Oahu Earthquake Victim Feels Left Out - Hawaii News Now - KGMB and KHNL

Oahu Earthquake Victim Feels Left Out

Theresa Wery, earthquake victim Theresa Wery, earthquake victim
Fallen chimney Fallen chimney
Fallen chimney Fallen chimney
Hole left from fallen chimney Hole left from fallen chimney

By : Stephen Florino

(KHNL) - Help is constant on the Big Island for the victims of the massive earthquake that jolted the islands two weeks ago.

Officials from the county, state and federal level continue to gather damage assessments, which is estimated to pass the $200 million level.

But at least one victim on Oahu feels she's being overlooked.

"Well, frustrating," said Theresa Wery. "It's been just a waiting game."

Her home in Manoa suffered extensive damage, and two weeks later, it's still not fixed. Wery's waiting to see if she'll get any help to pay to fix her home. So far, she's been told she's not eligible.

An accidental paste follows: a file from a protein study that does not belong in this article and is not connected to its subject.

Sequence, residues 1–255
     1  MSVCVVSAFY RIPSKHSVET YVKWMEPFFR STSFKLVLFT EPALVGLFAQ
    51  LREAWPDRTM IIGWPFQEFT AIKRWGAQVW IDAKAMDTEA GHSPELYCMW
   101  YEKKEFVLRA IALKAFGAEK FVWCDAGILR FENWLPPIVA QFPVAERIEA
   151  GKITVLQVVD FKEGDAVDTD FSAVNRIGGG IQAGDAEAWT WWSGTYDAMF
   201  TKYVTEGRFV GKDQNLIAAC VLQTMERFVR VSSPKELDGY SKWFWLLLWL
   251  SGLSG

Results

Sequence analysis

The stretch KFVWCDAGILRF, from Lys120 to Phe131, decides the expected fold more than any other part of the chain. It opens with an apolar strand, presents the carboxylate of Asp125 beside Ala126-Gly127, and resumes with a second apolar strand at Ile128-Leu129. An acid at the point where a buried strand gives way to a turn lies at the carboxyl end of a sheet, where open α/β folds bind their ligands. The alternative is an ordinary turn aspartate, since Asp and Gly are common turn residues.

"With most of the estimates in, it's up to $200,000 right now," said Wery. "Scary."

Wery admits we are fortuante. No one was killed or seriously hurt in the quake. But a pile of rocks used to be the chimney outside her home. It came crashing down in the earthquake, bringing down parts of the roof and façade with it.

The quake left cracks in the fireplace inside the house, and also broke the water and sewer lines.

The home is listed on the national register of historic places, and Wery runs a bed and breakfast here.

Many guests, even long time ones, are cancelling.

"It has nothing to do with the house," said Wery. "It has a lot to do with another earthquake."

Officials at the state civil defense say because the Big Island suffered the most extensive damage, federal loans for individual victims will be available to them first.

They say assessment teams are on the other islands, to see if those victims will qualify for federal help. Wery hopes that she'll be one of them and isn't thinking about the alternative.

"I don't wanna even think about that," said Wery. "I'll just cross the bridge when i get to it."

Officials say even though individuals may not qualify for federal money or loans, there are other programs under the state and county that can help pay for damage.

But they also say there are no guarantees, and victims will likely have to pay for some of the repairs themselves.

Powered by Frankly